A U.K. regulatory agency is reviewing its decision to close a complaint against a Christian doctor accused of violating professional conduct by praying with his patients.
As previously reported, Dr. Richard Scott of the Bethesda Medical Centre in Margate, Kent, faced the possibility of losing his medical license after a complaint was filed against him last year.
Scott, a general practitioner, was subject to a fitness-to-practice inquiry from the General Medical Council after a complaint was filed by the National Secular Society, a British advocacy group promoting the strict interpretation of separation of church and state.
The organization claimed that Scott made a vulnerable patient feel uncomfortable by praying. The allegation was made to NSS by a friend of the patient, not the patient.
The GMC determined last month after a three-month investigation that the complaint did not merit any action because there was “no evidence that [Dr. Scott] discusses faith in situations where the patient has stated that they do not wish to discuss these matters or that he has continued to discuss faith after a patient has indicated that they do not welcome such a discussion.”
At the time, Scott’s legal representatives from the Christian Legal Centre called the GMC decision to close his case “reassurance to Christian doctors and professionals across the U.K. that they can share their faith in the workplace ... without fear of losing their jobs.”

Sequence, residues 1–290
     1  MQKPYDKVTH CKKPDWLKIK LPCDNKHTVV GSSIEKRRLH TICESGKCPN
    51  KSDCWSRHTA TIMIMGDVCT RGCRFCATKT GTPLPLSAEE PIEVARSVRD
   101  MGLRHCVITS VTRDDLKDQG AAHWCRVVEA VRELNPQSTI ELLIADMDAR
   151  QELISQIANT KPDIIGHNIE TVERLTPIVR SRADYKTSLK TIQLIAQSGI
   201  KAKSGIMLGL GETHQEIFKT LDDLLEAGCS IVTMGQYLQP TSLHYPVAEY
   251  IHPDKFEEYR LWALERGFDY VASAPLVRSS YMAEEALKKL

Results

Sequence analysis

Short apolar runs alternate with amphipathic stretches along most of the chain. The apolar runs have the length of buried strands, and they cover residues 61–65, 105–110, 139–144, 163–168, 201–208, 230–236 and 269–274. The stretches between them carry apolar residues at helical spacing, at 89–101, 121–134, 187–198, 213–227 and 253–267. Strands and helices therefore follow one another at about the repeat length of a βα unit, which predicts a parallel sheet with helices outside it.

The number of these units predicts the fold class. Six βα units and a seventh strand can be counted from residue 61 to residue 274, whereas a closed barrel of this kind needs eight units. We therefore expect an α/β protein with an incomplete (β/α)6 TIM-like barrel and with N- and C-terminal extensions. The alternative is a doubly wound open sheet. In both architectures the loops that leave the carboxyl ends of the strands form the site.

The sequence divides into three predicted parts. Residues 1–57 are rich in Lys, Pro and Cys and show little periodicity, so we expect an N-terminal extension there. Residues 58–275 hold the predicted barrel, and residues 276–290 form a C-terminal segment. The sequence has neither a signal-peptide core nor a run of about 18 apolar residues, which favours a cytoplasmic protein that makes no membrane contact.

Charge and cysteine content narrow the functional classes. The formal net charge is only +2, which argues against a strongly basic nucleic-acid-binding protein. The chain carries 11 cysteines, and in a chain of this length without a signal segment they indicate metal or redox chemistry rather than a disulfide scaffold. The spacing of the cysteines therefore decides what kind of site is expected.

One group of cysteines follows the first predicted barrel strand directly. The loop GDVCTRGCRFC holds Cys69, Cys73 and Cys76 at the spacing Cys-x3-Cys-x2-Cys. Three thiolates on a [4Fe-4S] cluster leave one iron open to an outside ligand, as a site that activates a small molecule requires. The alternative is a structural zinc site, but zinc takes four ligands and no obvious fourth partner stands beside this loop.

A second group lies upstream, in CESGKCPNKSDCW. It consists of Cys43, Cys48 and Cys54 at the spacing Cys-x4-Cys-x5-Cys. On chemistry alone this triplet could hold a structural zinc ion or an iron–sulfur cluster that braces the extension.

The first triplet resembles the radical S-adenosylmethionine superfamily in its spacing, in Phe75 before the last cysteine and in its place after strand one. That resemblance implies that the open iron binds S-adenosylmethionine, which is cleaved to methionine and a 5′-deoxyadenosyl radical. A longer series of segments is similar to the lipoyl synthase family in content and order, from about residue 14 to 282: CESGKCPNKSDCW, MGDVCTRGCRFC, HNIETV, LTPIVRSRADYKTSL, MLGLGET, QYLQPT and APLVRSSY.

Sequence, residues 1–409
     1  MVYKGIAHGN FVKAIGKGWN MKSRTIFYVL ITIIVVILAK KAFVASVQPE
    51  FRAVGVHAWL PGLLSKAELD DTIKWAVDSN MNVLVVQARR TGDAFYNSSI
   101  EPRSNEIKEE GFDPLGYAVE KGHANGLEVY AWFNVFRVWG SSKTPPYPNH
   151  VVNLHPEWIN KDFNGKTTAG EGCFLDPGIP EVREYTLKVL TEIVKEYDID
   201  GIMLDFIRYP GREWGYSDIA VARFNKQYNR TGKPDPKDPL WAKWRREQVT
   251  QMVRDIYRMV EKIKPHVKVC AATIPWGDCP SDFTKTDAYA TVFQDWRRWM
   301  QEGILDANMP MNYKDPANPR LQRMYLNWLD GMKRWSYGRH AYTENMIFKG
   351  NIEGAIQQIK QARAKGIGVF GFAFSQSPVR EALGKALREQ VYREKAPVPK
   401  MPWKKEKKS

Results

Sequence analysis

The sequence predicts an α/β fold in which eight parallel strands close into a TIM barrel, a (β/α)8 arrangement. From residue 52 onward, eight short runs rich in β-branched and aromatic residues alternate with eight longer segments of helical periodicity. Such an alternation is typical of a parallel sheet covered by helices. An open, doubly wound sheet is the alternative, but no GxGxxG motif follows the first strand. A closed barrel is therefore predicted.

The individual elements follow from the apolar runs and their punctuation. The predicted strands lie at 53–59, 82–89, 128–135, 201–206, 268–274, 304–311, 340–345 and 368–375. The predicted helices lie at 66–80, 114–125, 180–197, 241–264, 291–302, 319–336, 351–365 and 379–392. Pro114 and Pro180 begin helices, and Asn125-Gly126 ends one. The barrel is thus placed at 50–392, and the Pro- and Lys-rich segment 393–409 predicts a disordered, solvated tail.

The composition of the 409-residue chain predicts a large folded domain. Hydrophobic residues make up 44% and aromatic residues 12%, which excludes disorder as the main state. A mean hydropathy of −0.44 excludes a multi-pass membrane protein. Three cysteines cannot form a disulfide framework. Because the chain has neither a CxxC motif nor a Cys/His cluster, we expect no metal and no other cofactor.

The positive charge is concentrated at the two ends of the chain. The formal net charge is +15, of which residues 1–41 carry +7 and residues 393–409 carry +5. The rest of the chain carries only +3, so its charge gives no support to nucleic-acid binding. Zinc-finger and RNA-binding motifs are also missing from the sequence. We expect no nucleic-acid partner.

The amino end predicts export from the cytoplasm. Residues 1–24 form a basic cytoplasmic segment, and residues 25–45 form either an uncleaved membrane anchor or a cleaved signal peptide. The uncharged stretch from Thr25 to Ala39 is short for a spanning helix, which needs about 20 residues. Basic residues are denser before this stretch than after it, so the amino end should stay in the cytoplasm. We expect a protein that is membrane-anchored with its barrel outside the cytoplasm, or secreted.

However, the GMC changed its decision to close Scott’s case after the NSS challenged the closure of its complaint and submitted new evidence that Scott was “openly flouting the council's code of conduct.”
NSS’ challenge alleged that Scott’s patients have complained about religion being pushed on them.
Additionally, NSS pointed to an interview Scott did with The Daily Mail last month in which he said that he has discussed his faith with about 40 patients in the past with only about 10 of them issuing a complaint. One of those complaints, from 2012, went to the GMC.
Also, in an interview with BBC Radio Kent in December, Scott declared that as a Christian doctor, one must consider “who is your ultimate boss.”
“And it’s not the general medical council, it’s Jesus Christ,” Scott said. “And I’m prepared to take risks on behalf of Jesus because I’ve seen how much patients can benefit.”
The GMC conduct code stipulates that medical professionals can only talk about their personal beliefs if a patient asks them directly or indicates that they are open to a religious discussion.
The code prevents medical professionals from imposing their “beliefs and values” on patients because it can “cause distress.”
"Dr. Scott's recent comments appear to make clear that he holds the GMC in contempt and considers himself above the rules it puts in place to protect patients,” NSS Chief Executive Stephen Evans said in a statement. “Being an evangelical Christian should not exempt him from the standards expected of all doctors working in the U.K.”
Tim Dieppe, the head of public policy for the U.K.-based think tank Christian Concern, told Catholic News Service that the GMC should have never investigated NSS’ complaint to begin with.
“I think it would be a real shame if they have decided to review it,” Dieppe was quoted as saying. “We are confident that Richard has done nothing wrong.”
Dieppe called NSS’ complaint a “targeted campaign” against Scott.